AJW Throwback: AJW Classics Episode 14 Review

Omori goes full badass.

We’re into August of 1986, and a few changes are coming in the world of AJW. It’s not so much a changing of the guard, as a shifting of it, but it leads to some interesting things down the road, so it’s probably worth getting excited about. Anyway, onto episode 14!

Leilani Kai defeated Chigusa Nagayo to win the All Pacific Title (21/8/86)

Leilani Kai is one half of the Glamour Girls, a tag-team that was at the peak of the tiny bubble that was American women’s wrestling at this time. She was signed to the then WWF and would feud with the Jumping Bomb Angels when they worked in America.

Here, she’s going up against Chigusa and, honestly, it’s a bit of a flat match. Well, as flat as a Chigusa match at this time can be when you take into account the fact the fans are going crazy. However, there is a feeling that everything has had to be slowed down a notch, Chigusa ducking and bobbing around Leilani only to put the brakes on when it came time for the momentum to switch. It made for a lot of submissions with little or no feeling of jeopardy.

The finish didn’t exactly click either, although the top rope dropkick that Kai hit in the build-up was great. Unfortunately, the suplex which got the three was scrappy at best, and with Chigusa kicking out even as the ref’s hand hit the mat, it felt like we were being left with a big old question mark over this particular victory.

Still, as much as I’ve kinda shit on it there, it’s worth pointing out that this is still a Chigusa match in the 80s. She fucking rules, and with the fans as wild as they are, it’s hard not to enjoy it even with its flaws. While it won’t be placed alongside the best of her catalogue, it’s still worth a watch.

Verdict: Alright, But Nothing Special

Gokuaku Domei (Dump Matsumoto & Bull Nakano) defeated Chigusa Nagayo & Kazue Nagahori in a Two out of Three Falls match to win the WWWA Tag Titles (23/8/86)

Lioness Asuka was injured around this time and before the match announced that Nagahori would be standing in for her. This was a pivotal moment for The Crush Gals, as it essentially ended their first run. From here on out, Asuka and Chigusa will be going solo, which is a hell of a call to make when you consider how popular they were.

It also put Nagahori in a hell of a spot. Stepping in for Lioness Asuka to defend the tag titles is, well, a bit of a promotion and she starts this in the worst possible way. Within ten seconds, Dump had lariated her into 2020, pinning her before the match had even begun. It was also the catalyst for what was an outstanding performance. From that moment on, Nagahori was defiance personified. Dump and Bull beat the shit out of her, but she keeps getting up, throwing dropkicks for all her worth and doing everything she can to survive.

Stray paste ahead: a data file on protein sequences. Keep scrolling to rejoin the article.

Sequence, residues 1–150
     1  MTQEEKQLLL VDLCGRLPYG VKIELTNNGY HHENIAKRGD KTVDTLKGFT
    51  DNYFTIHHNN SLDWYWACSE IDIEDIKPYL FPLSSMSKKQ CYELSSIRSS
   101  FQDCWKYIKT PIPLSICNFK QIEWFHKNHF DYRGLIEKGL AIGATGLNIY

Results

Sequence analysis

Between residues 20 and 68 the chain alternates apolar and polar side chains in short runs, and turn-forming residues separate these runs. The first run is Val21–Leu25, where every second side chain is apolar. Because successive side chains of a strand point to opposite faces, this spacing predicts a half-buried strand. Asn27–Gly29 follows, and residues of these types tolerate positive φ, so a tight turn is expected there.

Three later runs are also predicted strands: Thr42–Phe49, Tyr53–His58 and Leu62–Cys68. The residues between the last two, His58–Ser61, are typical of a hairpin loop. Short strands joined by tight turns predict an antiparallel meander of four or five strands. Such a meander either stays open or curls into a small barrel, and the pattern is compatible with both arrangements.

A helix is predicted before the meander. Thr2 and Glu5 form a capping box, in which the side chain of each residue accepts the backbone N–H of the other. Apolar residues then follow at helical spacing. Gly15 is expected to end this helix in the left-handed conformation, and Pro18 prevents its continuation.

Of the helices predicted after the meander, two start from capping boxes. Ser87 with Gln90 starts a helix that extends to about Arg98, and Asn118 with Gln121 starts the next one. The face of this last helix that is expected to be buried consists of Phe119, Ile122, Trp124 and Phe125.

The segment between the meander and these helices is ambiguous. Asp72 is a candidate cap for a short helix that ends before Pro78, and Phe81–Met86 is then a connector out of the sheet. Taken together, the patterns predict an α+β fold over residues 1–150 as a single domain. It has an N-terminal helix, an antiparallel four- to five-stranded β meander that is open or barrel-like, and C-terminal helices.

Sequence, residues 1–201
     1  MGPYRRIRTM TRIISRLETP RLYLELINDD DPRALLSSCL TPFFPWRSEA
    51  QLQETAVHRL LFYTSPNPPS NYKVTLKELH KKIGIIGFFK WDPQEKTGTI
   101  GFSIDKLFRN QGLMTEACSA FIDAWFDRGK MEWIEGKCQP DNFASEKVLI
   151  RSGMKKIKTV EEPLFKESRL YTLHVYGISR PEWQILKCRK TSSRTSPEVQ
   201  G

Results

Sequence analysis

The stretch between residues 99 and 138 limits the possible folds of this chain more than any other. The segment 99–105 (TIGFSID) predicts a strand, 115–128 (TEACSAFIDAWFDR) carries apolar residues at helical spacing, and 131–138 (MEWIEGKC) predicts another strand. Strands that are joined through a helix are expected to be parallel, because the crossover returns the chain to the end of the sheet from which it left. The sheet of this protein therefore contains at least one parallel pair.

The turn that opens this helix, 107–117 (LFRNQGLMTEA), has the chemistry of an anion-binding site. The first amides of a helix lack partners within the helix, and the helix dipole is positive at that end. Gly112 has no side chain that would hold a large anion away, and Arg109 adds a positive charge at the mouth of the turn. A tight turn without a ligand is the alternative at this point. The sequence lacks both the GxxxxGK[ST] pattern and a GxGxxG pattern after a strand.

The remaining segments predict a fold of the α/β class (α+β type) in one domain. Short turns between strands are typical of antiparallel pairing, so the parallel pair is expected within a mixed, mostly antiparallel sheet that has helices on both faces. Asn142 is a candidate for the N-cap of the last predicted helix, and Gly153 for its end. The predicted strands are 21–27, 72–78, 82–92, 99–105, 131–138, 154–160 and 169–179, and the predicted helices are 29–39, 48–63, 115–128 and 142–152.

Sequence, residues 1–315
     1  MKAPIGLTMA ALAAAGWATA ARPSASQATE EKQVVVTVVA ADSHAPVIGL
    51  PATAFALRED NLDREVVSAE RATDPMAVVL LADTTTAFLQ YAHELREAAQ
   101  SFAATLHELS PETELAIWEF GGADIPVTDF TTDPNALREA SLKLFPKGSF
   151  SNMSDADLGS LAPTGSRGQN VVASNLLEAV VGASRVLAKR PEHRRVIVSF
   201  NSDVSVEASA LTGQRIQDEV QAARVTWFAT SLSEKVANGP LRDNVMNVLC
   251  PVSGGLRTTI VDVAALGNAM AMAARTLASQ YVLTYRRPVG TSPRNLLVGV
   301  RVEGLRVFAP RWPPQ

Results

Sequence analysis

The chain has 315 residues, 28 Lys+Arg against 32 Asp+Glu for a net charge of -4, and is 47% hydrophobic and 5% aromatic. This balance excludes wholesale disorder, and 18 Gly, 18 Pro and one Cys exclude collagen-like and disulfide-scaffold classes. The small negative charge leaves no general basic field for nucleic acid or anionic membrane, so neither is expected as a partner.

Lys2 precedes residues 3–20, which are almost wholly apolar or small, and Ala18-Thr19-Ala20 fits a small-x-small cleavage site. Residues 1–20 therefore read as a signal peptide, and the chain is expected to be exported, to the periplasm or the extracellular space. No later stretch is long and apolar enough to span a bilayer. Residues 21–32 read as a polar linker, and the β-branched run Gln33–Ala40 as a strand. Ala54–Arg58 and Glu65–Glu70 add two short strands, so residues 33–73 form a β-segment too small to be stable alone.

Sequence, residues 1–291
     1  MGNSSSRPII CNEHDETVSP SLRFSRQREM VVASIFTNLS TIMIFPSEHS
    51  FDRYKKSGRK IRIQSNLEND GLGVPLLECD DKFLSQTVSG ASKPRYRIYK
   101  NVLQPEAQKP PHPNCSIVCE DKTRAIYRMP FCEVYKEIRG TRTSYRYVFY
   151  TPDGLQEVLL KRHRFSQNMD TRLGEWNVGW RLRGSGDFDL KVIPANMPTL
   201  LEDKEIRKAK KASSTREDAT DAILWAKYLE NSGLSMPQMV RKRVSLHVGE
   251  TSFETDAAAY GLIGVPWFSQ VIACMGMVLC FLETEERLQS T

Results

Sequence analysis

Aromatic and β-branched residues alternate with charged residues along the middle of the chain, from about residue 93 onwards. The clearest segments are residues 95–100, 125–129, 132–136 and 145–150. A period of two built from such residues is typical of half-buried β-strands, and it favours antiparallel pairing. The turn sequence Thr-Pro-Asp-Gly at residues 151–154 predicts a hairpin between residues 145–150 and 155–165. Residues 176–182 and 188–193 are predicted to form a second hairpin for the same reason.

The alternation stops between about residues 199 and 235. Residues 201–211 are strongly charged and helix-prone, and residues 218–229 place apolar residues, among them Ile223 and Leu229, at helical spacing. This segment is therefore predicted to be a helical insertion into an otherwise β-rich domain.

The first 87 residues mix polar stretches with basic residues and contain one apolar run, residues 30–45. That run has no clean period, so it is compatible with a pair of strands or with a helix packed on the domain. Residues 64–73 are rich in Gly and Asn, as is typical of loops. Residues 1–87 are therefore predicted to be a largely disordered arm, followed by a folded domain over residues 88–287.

It also marks a bit of a shift for Chigusa. Let’s not pretend she isn’t still being beaten up, that’s what Chig does when she’s in the ring with Bull and Dump, but with Nagahori beside her, she pivots towards being the veteran. Suddenly, Gokuaku Domei seems nervous of her, stalling and trying to stay away from those vicious kicks. It’s not a huge difference, but it’s an important one, as we are well on the path to her and Dump going face to face once more.

It goes without saying, but Dump and Bull were fantastic too. If you need two people to beat folk up, then they’re your pair, and this was yet another wild encounter. The Crush Gals might be stepping aside, but there is plenty of excitement to be found.

Verdict: Mon Yersel’, Nagahori

Yukari Omori defeated Devil Masami to win the WWWA Title

I have conflicting feelings about this match. On the one hand, it is brilliantly wrestled. It sets Ogura up as the powerful underdog, perfectly capable of pummelling Devil, but unable to get her hands on her. The veteran is too quick and too smart, an evil grin spreading across her face as she repeatedly manages to escape Ogura’s hold, at one point even gnawing her way out of a submission.

Unfortunately, it all feels just a tad too stretched out. They have their story, but they almost double and then triple down on it, really pushing it home. It’s not something that makes the match bad, but with a little tightening or a tad more pressure on the accelerator, it could have pushed this to the next level.

Thankfully, the finish is fucking awesome. In a brilliant display of cool as fuck, but dumb as hell wrestling, Yukari punches a steel chair out of Devil’s hands, blood trickling down her arm in the aftermath. From there, she’s suddenly in control, sending blow after blow raining in as Devil can’t escape and can only pull herself up to meet another fist. The whole match turns on that moment, Ogura bringing it home and grabbing herself some lovely gold in the process.

Verdict: Overall, It’s Pretty Great

Overall Show

That wasn’t one of my favourite Classics episodes. The opener was fine while the closer was flawed, leaving Dump and Bull beating the shit out of folk to steal the show. That’s amazing, and I love it, but we can’t pretend it’s much new. Still, there is more than enough here to make it worth your time, and if you’re making your way through the series, I certainly wouldn’t recommend that you skip it.

If you enjoyed this review, please consider contributing to my Ko-fi, even the smallest amount is appreciated.

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